Function Get-Smart

#Function to get disk SMART information

{

$Smart = Get-WmiObject -namespace root\wmi –class MSStorageDriver_FailurePredictStatus -ComputerName $Input

If ($Smart.PredictFailure -EQ $True) {$Smart | Select-Object PSComputerName, InstanceName, PredictFailure, Reason | FL}

}

As you look at the code above, you can see that I have created a variable called $Smart, and I am assigning to that variable the SMART information for the disk that is currently being analyzed. The next line looks at the PredictFailure value for the current disk. If PredictFailure is equal to $True then it means that SMART is predicting that the drive will fail. In that case, the SMART data will be displayed for the drive. Otherwise nothing will be displayed.

So with that said, we have filtered the output to get rid of anything irrelevant. Maybe too much so. If you look at Figure D, you can see that when all of the target servers are healthy, there is no indication that the script has done anything at all.

Image
Figure D: 
The script shows no data on a healthy system.

So what can we do about this? There are two things. First, I recommend momentarily changing $True to $False in the code block above. This will allow you to verify that the function is working, as shown in Figure E.

Image

Figure E: By changing $True to $False, we can test the code.

When you change $False back to $True, I recommend adding a line to the main script body within the ForEach loop that simply says $Server. This will display the name of the server that is currently being analyzed. This will provide visual indication that the script is doing something. If a problem is detected, this line of code will make it easy to figure out which server is having the problem. So with that said, here is what the script now looks like:

Function Get-Smart

#Function to get disk SMART information

{

$Smart = Get-WmiObject -namespace root\wmi –class MSStorageDriver_FailurePredictStatus -ComputerName $Input

If ($Smart.PredictFailure -EQ $True) {$Smart | Select-Object PSComputerName, InstanceName, PredictFailure, Reason | FL}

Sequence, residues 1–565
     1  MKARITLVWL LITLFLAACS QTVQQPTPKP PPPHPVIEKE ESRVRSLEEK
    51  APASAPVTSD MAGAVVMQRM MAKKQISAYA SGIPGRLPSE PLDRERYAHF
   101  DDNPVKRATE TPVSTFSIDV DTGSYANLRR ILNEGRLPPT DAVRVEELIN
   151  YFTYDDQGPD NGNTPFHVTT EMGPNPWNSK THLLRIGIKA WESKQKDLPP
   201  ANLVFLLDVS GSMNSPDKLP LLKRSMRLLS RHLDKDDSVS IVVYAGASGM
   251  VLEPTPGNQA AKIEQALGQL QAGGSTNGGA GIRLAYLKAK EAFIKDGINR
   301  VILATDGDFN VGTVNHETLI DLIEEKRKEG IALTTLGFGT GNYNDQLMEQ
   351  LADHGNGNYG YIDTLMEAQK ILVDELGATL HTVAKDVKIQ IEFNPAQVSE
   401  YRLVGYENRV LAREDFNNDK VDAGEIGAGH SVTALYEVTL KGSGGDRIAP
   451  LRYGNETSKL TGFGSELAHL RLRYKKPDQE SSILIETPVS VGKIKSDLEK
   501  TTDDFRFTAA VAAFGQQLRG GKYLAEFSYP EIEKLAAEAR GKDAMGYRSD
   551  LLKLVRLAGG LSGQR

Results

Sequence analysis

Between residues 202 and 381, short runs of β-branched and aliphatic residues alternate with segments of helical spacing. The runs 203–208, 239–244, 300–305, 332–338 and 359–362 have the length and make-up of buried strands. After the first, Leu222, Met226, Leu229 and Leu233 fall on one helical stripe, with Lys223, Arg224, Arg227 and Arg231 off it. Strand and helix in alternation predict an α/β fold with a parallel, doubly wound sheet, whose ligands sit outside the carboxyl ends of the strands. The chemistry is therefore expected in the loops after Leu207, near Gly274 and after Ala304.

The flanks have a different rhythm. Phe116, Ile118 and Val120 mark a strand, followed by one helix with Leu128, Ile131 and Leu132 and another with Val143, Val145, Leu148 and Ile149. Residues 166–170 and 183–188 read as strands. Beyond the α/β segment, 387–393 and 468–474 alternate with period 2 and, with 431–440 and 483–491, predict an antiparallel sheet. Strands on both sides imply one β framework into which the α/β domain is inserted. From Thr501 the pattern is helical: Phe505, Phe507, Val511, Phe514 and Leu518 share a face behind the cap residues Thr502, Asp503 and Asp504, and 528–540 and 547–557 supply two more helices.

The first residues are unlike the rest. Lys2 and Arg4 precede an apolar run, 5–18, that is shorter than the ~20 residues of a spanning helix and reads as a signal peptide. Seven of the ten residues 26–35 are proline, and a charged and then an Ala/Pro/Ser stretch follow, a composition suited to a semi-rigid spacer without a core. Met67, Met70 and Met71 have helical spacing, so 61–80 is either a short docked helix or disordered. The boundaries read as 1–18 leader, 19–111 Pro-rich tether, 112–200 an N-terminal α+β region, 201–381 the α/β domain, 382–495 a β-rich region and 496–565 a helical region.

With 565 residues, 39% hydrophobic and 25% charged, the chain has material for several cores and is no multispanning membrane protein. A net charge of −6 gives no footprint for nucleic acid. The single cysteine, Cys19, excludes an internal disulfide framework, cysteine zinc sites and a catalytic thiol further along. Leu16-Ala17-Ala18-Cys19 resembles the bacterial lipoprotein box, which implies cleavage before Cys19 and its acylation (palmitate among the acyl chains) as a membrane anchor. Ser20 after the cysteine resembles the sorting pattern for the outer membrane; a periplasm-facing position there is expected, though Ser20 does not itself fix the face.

}

 

Function Get-Health

#Function to get disk health information

{

$Pdisk= Get-PhysicalDisk

ForEach ( $LDisk in $PDisk )

               

{

               

$CurrentDisk = $LDisk | Get-StorageReliabilityCounter

               

If ($CurrentDisk.Temperature -GT 35 -OR $CurrentDisk.ReadErrorsTotal -GT 0 -OR $_.CurrentDisk -GT 0){

                               

$LDisk.FriendlyName

                               

$LDisk.HealthStatus

                               

$LDisk | Get-StorageReliabilityCounter | Select-Object Temperature, ReadErrorsTotal, WriteErrorsTotal | FL

                               

Write-Host ================== }

               

}

}

 

#Script Body

$Servers = @(“Hyper-V-1”, “Hyper-V-2”, “Hyper-V-3”, “Hyper-V-4”, “Prod1”, “Prod2”)

               

ForEach ($Server in $Servers) {

               

$Server

               

$Server | Get-Smart

               

Enter-PSSession -ComputerName $Server

               

Get-Health

               

Exit-PSSession

               

}

Figure F shows what it looks like when the script is executed on a series of healthy servers.

Image
Figure F: 
All of these servers are healthy.

Conclusion

As you can see, we have gotten rid of our script’s cluttered output. In the next article in this series, I will show you how to build an alert mechanism that can be used to alert you if a problem is detected.

If you would like to read the other parts in this article series please go to: